Florida closes down oil-stained Pensacola beaches

Jun 24, 2010
A great blue heron stands on an oil containment boom that is being used to protect the beach area from the Deepwater Horizon oil spill in the Gulf of Mexico on June 7 in Pensacola, Florida. Oil from the massive Gulf of Mexico spill reached the white sands of Pensacola in north-eastern Florida, forcing local authorities Thursday to close down area beaches to swimming at the height of summer.

Oil from the massive Gulf of Mexico spill reached the white sands of Pensacola in north-eastern Florida, forcing local authorities Thursday to close down area beaches to swimming at the height of summer.

"There's oil both in the water and in the sand," said Warren Bielenberg, an official with the Gulf Islands National Seashore, one of the areas affected by the spill.

"There's a double red flag, so it's not permitted to swim," he said.

A health advisory was issued for Escambia County and runs from Perdido Key to Santa Rosa Island and the east side of Pensacola Beach, Bielenberg said.

Santa Rosa Island is one of the biggest tourist attractions of the region.

"The beaches are open, but it's not allowed for people to be in the water," said Bielemberg.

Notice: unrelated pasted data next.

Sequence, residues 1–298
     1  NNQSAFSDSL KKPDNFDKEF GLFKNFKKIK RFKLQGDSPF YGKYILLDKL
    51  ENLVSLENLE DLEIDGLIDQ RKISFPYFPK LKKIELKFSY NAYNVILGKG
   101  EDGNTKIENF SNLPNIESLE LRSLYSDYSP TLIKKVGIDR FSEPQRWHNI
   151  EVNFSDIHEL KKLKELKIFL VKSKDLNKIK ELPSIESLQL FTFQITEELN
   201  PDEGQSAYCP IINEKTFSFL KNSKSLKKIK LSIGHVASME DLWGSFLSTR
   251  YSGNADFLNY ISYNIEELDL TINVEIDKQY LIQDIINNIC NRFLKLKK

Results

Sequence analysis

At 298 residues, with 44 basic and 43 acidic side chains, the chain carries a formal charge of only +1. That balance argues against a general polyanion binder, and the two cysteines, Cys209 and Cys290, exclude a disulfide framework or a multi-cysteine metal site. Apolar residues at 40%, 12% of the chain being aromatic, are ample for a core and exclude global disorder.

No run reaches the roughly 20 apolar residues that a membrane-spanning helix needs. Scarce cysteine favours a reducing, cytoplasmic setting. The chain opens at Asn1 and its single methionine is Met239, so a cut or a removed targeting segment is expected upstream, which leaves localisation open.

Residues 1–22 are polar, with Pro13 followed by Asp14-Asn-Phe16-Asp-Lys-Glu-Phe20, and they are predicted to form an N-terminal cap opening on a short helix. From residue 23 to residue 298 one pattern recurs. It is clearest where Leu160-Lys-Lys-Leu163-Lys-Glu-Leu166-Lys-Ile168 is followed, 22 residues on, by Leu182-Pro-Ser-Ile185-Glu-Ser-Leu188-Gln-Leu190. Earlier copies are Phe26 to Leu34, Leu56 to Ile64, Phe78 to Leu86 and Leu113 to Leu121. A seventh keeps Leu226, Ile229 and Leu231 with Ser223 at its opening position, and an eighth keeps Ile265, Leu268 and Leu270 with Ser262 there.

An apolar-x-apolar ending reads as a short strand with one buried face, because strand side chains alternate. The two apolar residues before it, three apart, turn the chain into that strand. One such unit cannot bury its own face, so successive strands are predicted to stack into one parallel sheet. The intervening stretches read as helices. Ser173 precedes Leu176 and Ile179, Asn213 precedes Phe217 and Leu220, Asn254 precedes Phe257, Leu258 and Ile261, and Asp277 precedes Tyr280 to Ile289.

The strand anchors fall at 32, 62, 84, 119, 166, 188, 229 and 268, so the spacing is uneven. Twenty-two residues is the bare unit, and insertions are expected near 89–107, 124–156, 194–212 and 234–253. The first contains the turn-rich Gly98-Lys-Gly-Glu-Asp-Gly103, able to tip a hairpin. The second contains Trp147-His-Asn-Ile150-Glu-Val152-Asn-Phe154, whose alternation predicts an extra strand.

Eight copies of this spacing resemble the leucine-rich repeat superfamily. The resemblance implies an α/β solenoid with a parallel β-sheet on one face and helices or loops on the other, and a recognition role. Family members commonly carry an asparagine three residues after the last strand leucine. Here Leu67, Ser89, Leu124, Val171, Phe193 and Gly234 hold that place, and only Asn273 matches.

"There are some people still going to the beaches," he said. "They are using umbrellas and just enjoying the sun."

Florida Governor Charlie Crist visited the Pensacola beaches on Wednesday to witness the effects of the spill.

"That is disgusting," Crist said. "To see something like this in such a beautiful place is unbelievable."

The wide-spread slick could spell disaster for Florida, one of the world's top destination for tourists, with more than 80 million visitors a year.

Florida officials have mounted an aggressive beach and coastline cleanup effort to stop the oil from reaching state beaches.

Florida's 1,260 miles (2,000 kilometers) of western coastline is home to scores of tourist destinations, natural habitats and an important .

At a time of high unemployment in other sectors, tourism in generates more than a million jobs, bringing the state 65 billion dollars in revenue in 2008.

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